Jena L. Levin

Jena
L. Levin

Jena L. Levin is an associate with Foley & Lardner LLP in Chicago and is a member of the Firm’s Business Litigation & Dispute Resolution Practice.
 
Ms. Levin concentrates a substantial portion of her practice on litigating contested estate and trust matters on behalf of individual clients, banks and non-profit corporations.  Her practice involves all aspects of estate and trust litigation including will and trust contests and judicial constructions, contested heirship and adoption issues, disputes over the enforcement of charitable pledges, and breach of fiduciary duty issues.  Ms. Levin is a frequent author on topics related to estate and trust litigation.  In addition to articles for the Trusts & Estates Magazine e-newsletter, she co-authors several chapters in the Illinois Institute for Continuing Legal Education’s attorney practice handbooks.
 
Ms. Levin is a member of the Chicago Bar Association, the Illinois State Bar Association, and the American Bar Association.  She earned her law degree from Duke University School of Law (J.D., 2009). She received her bachelor's degree, with highest distinction, from the University of North Carolina at Chapel Hill (B.A., 2005), where she was elected to the Phi Beta Kappa Honor Society.

Articles
The Impact of Slayer Statutes on Surviving Spouse Benefits Under ERISA
Regular readers of our column may remember our article from this past Spring discussing the variations among state “slayer statutes”—laws preventing murderers from inheriting from their victims.
May He Rest In Pieces? 1
In Wilson v. Wilson, a Florida appellate court recently considered the awkward question of whether a decedent’s ashes are considered property for the purposes of determining who has the right to decide on their final disposition.
Slayer Statutes, Choice of Laws Create Lottery-Like Atmosphere
In the wake of a tragic murder-suicide, their family members and the courts were left to answer one particularly awkward and complicated question: Where should the trust money go?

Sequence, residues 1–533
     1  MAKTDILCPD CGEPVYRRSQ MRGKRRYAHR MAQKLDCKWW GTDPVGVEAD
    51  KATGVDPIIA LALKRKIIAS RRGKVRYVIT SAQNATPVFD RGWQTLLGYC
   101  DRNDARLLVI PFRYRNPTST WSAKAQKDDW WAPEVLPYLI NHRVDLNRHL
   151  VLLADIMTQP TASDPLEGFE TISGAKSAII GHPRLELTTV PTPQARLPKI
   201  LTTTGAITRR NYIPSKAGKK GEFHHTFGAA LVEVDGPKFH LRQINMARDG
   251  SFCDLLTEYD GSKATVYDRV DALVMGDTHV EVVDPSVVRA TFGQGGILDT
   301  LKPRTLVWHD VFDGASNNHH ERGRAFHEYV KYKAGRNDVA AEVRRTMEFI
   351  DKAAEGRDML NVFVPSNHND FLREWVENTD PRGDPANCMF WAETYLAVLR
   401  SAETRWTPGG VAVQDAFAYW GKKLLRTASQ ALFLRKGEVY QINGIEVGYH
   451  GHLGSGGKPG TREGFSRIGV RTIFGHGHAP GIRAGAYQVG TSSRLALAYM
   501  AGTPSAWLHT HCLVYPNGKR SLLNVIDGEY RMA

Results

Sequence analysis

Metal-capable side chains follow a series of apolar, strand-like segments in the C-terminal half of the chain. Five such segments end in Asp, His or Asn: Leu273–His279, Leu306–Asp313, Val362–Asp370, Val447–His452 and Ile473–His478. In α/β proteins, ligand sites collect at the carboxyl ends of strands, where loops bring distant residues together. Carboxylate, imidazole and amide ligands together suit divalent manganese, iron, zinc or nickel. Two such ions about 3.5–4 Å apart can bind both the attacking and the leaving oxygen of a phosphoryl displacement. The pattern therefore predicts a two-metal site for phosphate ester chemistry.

Inherited IRAS Now Fair Game For Liquidation in Individual Bankruptcy Proceedings
The U.S. Supreme Court held that funds held in inherited IRAs aren’t “retirement funds” under the Bankruptcy Code and are therefore not entitled to exemption from a debtor’s bankruptcy estate.
A Brief Slay Ride Through a Slew of State Laws
“Slayer statutes”–laws preventing a murderer from inheriting from his victim–have been around for ages. These laws are generally based on public policy considerations centered on morality, equity and deterrence.
Heaven Can Wait
Young lawyers looking for the next hot area to specialize in might consider decedent’s defense work. An awful lot of folks seem to be wrongly accused of being departed these days.
Fight Erupts Over Portrait of an Angel
Our story this month has nothing short of an all-star cast, Farrah Fawcett, Ryan O’Neal, Andy Warhol and the kind of drama Hollywood writers are typically paid to make up.
Enforceability of Mandatory Arbitration Provisions in Trust Agreements
In recent years, arbitration clauses have finally started making their way into trust agreements. The big question that remains unanswered, however, is whether they’ll be enforced.
Mom and “De Son” Both in Trouble
A recent opinion by the Appellate Court in Missouri suggests that the beneficiaries of a trust may have a claim for breach of the trustees’ duties not only against the trustee, but also against the trustee’s mother.
The Walking Dead Come to Court
Earlier this month, Donald Eugene Miller stood before Judge Allen Davis in the probate court in Hancock County, Ohio, and asked for the court to recognize that he’s alive.
Borrowing Trouble
What began years ago in Illinois as a dispute among siblings over the administration of a trust created by their father and funded by his life insurance policy culminated recently in an opinion from the U.S. Supreme Court in Bullock v. BankChampaign, with serious implications for trustees everywhere.
“I Do – And Yes, He Does, Too”
Deathbed marriages have been a hot topic of concern in recent years, with many states enacting statutes to ensure that a decedent’s heirs have standing to challenge controversial nuptials.
Confession, While Good for the Soul, May be Subject to Disclosure
Courts consider whether the attorney-client privilege applies to a law firm’s internal loss prevention efforts
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